Cooking has become mostly a spectator sport in America. There are more than twenty-five well-known celebrity chefs cooking on television today, yet fewer people are actually cooking than ever before. According to a recent food marketing survey, only 27 percent of Americans cook on a daily basis.1 It’s not that they don’t want to, though. In a separate survey, a full 98 percent of Americans said they preferred meals prepared at home.2 If that is Americans’ preference, then why aren’t they doing it? Continue reading
- Me: Are your vegetables organic?
- Farmer: No, sorry.
- Me: That’s too bad.
- Farmer: It’s really expensive to get certified, you know.
- Me: Ok, well what pesticides do you use, exactly?
The conversation quickly goes over my head. By now I’m also getting dirty looks for holding up the line. Sheesh, all I wanted to know is if these sweet potatoes are worth the slightly higher price compared to those at the neighboring stand. Isn’t there an easier way to differentiate the quality of the products at the different stands? Why yes, there is a better question. And one whose answer you can judge in 5 seconds or less. Continue reading
I didn’t know it at the time, but the columns of grey smoke I saw in the distance, beyond acres of corn and soy fields, was the first clue we had arrived in Pennsylvania’s Amish country. The next clue was a man riding an adult-sized scooter on the side of the quiet country road. He was dressed in the tell-tale suspendered pants over a loose-fitting shirt that I’ve seen before. Then we finally spotted our first horse-drawn buggy, holding up a line of cars. Continue reading
Strawberry season has just started here in the Washington, DC metro area. (It’s very late thanks to our long, hard winter!) That means it’s time for our annual journey to my local pick-your-own farm to stock up on strawberries for MUCH cheaper than in supermarkets. Since they only last in my refrigerator for a few days, I freeze mine so that I can enjoy them throughout the year. Here are my tips on how to freeze them properly and ideas for using them afterward.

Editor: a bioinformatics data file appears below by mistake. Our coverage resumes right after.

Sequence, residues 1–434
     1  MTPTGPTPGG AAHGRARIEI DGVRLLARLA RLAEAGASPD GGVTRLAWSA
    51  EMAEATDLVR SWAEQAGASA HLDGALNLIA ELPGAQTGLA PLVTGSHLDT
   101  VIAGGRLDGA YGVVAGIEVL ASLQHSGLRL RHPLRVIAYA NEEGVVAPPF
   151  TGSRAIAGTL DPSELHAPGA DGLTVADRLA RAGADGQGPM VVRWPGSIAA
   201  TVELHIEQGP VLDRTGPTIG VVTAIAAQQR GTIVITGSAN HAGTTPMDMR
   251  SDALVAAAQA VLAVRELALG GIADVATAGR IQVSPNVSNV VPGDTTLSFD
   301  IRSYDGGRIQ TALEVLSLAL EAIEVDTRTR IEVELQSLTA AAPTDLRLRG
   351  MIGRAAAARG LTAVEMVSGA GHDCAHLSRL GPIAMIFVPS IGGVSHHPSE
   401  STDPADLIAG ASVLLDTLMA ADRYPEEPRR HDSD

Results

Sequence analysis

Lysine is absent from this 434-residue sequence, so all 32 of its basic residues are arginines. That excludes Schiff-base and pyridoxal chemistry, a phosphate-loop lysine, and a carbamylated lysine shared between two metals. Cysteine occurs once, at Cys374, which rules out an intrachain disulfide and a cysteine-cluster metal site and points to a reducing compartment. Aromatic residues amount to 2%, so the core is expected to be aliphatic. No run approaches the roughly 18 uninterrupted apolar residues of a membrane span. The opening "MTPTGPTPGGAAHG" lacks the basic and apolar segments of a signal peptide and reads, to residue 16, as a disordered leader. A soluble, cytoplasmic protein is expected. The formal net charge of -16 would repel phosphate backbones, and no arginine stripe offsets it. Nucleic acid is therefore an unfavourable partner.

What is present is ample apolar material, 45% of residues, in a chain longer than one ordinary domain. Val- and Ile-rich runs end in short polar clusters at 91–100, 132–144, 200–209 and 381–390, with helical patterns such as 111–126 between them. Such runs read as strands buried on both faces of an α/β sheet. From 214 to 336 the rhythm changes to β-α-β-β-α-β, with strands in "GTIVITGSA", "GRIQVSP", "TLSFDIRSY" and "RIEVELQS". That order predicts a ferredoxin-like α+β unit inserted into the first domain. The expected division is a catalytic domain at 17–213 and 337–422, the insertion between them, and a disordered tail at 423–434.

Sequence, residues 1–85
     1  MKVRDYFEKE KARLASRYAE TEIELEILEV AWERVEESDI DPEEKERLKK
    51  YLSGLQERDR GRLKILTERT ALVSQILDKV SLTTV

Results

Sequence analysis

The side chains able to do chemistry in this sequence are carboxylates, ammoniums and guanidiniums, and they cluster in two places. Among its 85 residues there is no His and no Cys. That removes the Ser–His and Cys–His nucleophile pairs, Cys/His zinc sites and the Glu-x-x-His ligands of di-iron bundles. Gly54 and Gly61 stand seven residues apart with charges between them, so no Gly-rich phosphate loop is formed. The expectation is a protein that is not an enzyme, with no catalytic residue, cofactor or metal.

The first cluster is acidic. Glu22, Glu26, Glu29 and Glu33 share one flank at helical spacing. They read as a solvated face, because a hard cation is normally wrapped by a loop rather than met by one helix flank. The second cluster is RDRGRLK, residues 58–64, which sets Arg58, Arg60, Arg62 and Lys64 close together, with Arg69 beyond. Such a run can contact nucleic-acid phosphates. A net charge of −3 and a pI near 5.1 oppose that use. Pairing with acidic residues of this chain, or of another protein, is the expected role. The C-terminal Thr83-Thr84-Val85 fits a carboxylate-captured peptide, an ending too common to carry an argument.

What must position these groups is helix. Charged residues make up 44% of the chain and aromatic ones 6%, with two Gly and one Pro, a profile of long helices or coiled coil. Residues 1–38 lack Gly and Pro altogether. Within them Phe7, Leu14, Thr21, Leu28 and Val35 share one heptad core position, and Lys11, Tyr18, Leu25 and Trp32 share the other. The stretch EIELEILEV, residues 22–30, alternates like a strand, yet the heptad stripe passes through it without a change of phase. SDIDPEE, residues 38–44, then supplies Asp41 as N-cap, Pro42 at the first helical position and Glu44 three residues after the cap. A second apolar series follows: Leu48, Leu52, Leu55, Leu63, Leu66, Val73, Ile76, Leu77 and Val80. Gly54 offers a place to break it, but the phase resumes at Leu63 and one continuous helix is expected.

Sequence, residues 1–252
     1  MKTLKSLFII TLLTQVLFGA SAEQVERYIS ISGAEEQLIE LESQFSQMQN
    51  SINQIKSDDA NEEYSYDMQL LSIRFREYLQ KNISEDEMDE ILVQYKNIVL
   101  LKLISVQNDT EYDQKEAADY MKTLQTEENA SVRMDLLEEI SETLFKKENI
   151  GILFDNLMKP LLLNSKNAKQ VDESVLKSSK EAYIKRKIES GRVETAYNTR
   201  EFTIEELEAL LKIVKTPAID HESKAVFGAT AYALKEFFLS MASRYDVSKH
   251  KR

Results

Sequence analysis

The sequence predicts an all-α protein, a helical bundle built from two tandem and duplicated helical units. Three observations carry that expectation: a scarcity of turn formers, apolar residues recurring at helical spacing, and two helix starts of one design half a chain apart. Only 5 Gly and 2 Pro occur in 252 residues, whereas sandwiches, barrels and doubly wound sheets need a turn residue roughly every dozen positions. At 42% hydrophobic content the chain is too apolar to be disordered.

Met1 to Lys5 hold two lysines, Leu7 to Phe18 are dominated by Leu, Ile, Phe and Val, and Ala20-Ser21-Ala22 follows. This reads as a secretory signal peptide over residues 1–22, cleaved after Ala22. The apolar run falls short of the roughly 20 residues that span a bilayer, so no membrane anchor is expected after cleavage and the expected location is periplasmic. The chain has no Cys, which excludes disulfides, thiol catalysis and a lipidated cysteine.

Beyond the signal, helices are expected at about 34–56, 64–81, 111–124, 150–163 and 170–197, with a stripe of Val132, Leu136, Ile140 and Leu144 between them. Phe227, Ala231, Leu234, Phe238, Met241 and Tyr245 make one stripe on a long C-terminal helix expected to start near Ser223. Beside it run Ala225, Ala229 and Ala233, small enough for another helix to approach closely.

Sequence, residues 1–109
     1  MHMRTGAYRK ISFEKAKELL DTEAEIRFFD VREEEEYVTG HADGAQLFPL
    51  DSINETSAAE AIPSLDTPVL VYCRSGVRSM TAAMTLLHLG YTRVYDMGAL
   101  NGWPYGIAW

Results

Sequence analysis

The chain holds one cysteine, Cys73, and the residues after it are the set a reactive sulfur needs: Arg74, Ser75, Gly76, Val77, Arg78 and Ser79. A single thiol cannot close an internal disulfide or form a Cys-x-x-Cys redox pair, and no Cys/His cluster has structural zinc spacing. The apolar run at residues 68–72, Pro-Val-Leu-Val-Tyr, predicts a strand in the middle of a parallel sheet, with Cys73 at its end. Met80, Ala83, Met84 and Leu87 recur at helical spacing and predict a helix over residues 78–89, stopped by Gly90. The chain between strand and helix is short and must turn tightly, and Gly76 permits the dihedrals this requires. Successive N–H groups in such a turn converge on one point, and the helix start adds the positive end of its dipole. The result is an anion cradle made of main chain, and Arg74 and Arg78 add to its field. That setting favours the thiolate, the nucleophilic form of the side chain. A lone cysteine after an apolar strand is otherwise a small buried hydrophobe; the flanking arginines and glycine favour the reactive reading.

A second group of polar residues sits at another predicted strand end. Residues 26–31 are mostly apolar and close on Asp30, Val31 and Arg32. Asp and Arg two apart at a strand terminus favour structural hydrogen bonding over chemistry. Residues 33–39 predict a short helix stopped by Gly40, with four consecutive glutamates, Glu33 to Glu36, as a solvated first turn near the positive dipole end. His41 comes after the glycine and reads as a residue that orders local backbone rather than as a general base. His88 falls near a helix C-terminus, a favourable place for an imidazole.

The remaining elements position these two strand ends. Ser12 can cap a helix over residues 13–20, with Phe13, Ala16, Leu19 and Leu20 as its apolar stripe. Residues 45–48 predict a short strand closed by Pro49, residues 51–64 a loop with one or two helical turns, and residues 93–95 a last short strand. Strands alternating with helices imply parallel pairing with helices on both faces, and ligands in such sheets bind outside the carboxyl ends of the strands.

There was a time when I thought that all alternative or healthy foods could be purchased from retail stores, like Whole Foods. Now I know better. The more I learn about natural, traditional and alternative foods, the more I’m amazed by how little is available in most, if any retail stores. Continue reading
Coconut has long been a staple food in tropical regions around the world and has grown in popularity in America. This is thanks in part to Americans’ growing interest in the exotic flavors from countries like Thailand, India and Brazil. But it is also thanks to the growing body of research on coconuts’ nutritional benefits (a good resource is the Coconut Research Center). Luckily it’s pretty easy these days to find good quality whole coconuts, shredded dried coconut meat and coconut oil. Unfortunately coconut milk is another story.
Do you buy canned or boxed coconut milk or eat at restaurants that cook with these products? Ever wonder what all those extra ingredients in the can are? Do you want to know where to find pure, fresh-tasting and additive-free coconut milk without having to make it yourself? Continue reading